When I realized this and decided to do what I had been prolonging for months now - I realized how much of a hold these items had on me. Critics often speak of seductive spirits that accompany the LDS church - and if I hadn't felt AND recognized them before, I did so now. Intensly. With every single book - a favorite or not - it was hard to simply remove them from the shelf. Then, once they were in my hands, I found it incrediably aching and emotionally hard to put them down. Thoughts were racing through my head trying to rationlize why I should keep these items. "These deal with families. You've got a young family. Keep this one." or "This one is about the temple, don't you want to study the temple so you can minister to people better about the contrasts before the temple and the Bible?" or "This one is an amazing apologetics book, keep it so you can study the replies some more with correct thinking this time and then be able to help more people." The worst by far was so much more than thoughts in my head, it was accompanied by an overwhelming amount of emotion, "Keep this one. In case you return to the church. You know you miss it. Perhaps you should read these items, and keep them - just in case." I knew I was doing the right thing. But it was so difficult.
Then, yesterday's reading from the sex book returned to me. I went to my phone and called my best friend, who also had to get rid of her own Jehovah's Wittness and Catholicism materials. Since she's also the one who sent me the sex book, it was easy for me to explain why I was calling her. I needed to confess my sin and have an accountability partner. I needed someone to help me through this. I knew, if left to myself - I would continue to not do it. We chatted while I finished clearing just ONE bookshelf. Each time, I would ask, "But what about this one? It deals with.... can I send you a link and have you review it for me?" I just wanted to find every possible reason to keep just one more item.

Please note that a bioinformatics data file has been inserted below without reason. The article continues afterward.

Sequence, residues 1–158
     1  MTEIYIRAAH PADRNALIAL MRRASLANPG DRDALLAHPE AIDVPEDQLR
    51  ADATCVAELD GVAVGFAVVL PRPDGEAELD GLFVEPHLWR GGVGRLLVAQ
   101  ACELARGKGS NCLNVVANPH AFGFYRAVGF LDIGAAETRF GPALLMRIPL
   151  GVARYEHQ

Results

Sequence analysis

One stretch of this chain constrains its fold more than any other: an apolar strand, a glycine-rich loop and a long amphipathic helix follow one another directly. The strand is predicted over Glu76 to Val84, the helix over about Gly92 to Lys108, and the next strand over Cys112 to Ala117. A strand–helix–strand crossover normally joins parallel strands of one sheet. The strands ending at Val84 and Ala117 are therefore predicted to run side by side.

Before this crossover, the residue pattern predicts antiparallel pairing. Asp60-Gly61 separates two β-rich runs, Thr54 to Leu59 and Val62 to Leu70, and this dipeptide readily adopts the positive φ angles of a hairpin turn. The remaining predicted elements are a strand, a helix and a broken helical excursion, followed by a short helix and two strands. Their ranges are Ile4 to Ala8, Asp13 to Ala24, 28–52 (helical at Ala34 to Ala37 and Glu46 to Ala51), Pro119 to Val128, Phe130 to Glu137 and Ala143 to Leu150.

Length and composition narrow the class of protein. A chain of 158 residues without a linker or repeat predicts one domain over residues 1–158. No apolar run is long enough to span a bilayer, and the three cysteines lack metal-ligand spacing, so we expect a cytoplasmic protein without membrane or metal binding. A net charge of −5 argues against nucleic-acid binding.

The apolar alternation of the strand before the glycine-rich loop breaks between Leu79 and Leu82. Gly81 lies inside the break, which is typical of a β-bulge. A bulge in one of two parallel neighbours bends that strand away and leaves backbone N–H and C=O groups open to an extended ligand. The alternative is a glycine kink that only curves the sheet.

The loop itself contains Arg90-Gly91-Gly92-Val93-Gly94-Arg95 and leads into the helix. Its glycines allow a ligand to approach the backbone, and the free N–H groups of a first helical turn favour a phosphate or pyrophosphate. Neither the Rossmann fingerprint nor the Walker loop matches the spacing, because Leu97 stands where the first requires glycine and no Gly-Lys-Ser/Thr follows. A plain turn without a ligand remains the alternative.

We had our pastor's family to dinner on Saturday and when I shared with him how I wanted to keep some books, but was concerned about the reliabilty of the content (in reference to early Christianity's history, context of the cannons, and so forth) he made such a simple comment that I absolutly did not want to hear. "I'd advise just getting rid of all of it." I tried to keep my composure. It seemed everyone was saying, "Just get rid of all of it." The worst part was, the first person in this everyone was God.
I'm taking this in stages. Praise the Lord I got one bookshelf cleaned out. Now just two more to go, plus movies, music, and more. The high places must come down. It's really hard for me - I just don't want to do it. But obediance to the Lord is a step to maturity. If I can't obey by simply cleaning my home of falsehoods, protecting my children and husband from them, then how on Earth am I to obey in other areas of my life?